## 8.2.4 Axioms, rules, theories, and lemmas

Page 307 of 800 |
| Search internet |

If you want some construct to denote some statement, define the 'statement/kg' aspect of the construct to be that statement. As an example, if you want to denote you can define it thus:

The stmt definition construct is define thus:

And the stmt aspect is defined thus:

You may also formulate the definition of thus:

That not only tells the Logiweb sequent calculus how you define . It also tells your readers that you think of as an axiom.

Actually, there is a bit more to an axiom than the 'statement/kg' definition. This is how the axiom construct is defined:

Thus, stating something as an axiom not only defines the 'statement/kg' aspect. It also states a unitac aspect which says something about how the axiom behaves in proofs during tactic expansion.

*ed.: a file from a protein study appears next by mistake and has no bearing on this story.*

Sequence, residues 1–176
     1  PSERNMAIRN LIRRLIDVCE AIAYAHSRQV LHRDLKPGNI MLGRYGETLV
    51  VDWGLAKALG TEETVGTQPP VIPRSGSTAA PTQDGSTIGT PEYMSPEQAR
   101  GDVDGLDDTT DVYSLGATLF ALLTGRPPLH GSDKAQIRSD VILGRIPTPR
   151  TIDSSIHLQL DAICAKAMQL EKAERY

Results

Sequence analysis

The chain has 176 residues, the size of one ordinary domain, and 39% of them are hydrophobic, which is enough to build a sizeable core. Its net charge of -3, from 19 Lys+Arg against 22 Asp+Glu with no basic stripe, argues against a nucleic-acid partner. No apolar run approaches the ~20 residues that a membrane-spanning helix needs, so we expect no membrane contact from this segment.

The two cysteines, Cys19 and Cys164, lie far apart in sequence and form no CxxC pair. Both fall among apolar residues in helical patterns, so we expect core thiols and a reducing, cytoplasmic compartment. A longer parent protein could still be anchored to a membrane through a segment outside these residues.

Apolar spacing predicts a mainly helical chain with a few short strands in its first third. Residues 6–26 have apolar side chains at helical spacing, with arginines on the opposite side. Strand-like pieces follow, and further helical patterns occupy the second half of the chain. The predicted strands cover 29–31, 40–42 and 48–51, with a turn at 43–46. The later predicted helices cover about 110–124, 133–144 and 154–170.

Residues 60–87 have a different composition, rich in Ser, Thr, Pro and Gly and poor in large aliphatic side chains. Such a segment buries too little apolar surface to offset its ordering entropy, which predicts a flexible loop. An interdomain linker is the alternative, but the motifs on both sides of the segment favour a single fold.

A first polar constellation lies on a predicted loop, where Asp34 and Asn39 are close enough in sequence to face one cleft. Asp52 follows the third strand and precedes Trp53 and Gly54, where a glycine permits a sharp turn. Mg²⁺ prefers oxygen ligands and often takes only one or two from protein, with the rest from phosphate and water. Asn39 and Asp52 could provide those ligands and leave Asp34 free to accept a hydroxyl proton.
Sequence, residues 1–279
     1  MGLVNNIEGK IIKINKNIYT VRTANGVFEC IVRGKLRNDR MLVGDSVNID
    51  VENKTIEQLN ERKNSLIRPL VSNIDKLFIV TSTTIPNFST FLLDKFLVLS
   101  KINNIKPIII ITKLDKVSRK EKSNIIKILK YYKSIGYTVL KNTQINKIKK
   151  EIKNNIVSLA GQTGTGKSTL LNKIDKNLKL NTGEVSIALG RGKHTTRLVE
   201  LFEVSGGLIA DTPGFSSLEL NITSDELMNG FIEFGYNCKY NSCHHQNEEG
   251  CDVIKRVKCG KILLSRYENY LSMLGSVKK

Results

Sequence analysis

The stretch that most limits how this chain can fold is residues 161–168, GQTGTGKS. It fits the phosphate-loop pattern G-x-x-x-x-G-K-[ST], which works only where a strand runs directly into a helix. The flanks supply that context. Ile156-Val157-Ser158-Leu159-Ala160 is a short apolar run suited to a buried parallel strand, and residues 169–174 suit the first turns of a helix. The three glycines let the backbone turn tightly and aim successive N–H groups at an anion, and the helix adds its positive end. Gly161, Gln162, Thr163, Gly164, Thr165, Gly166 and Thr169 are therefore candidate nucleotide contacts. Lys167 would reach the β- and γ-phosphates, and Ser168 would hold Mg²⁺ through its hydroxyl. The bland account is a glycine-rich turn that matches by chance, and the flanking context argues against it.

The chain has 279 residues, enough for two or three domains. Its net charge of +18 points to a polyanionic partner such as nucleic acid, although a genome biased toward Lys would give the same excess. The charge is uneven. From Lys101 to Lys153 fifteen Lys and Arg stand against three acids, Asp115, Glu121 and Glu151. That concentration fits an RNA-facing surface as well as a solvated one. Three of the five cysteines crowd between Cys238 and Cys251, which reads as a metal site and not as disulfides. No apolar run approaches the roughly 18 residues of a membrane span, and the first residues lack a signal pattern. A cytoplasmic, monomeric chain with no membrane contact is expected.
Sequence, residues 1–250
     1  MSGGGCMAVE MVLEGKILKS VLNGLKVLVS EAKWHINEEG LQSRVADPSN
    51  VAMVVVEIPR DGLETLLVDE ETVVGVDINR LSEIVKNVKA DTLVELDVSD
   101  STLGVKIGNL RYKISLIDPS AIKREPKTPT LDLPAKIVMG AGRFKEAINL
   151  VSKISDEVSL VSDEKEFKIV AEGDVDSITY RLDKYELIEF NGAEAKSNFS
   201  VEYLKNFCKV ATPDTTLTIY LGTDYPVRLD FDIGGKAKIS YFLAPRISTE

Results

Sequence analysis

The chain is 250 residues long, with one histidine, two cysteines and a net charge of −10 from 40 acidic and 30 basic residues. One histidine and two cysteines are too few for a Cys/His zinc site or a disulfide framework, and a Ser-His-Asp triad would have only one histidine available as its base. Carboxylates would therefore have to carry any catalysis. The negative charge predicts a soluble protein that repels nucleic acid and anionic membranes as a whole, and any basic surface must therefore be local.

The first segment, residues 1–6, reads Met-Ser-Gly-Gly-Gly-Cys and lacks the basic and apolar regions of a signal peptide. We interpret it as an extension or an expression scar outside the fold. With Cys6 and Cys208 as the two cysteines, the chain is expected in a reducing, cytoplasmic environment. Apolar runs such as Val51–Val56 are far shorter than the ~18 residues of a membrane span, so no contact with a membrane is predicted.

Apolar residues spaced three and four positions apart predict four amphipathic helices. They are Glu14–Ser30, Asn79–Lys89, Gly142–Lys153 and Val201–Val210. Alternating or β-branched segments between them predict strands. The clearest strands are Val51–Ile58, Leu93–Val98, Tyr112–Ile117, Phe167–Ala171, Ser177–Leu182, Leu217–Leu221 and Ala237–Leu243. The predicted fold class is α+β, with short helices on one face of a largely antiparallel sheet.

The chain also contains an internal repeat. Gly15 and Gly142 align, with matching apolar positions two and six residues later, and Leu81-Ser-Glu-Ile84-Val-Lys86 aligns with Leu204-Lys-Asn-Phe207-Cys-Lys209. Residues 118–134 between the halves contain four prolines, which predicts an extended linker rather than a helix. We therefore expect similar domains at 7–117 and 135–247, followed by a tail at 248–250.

A is exactly like an . A is similar except that the unitac rule is one suited for lemmas. A just expands into a 'statement/kg' definition with not unitac.

You are allowed to state all the axioms, inference rules, theories, theorems, lemmas, conjectures, and so you like without any sort of justification. That may seem reasonable for axioms, inference rules, theories, and conjectures, but it may be a surprise that you can also state theorems and lemmas without proof. However, if you state a lemma without proof and you use the lemma anyway in the proof of some other lemma then you will get an error message from the sequent calculus.

For examples of use see Prop, FOL and Peano.

Page 307 of 800 |
| Search logiweb.eu |

Copyright © 2010
Klaus Grue,
GRD-2010-01-05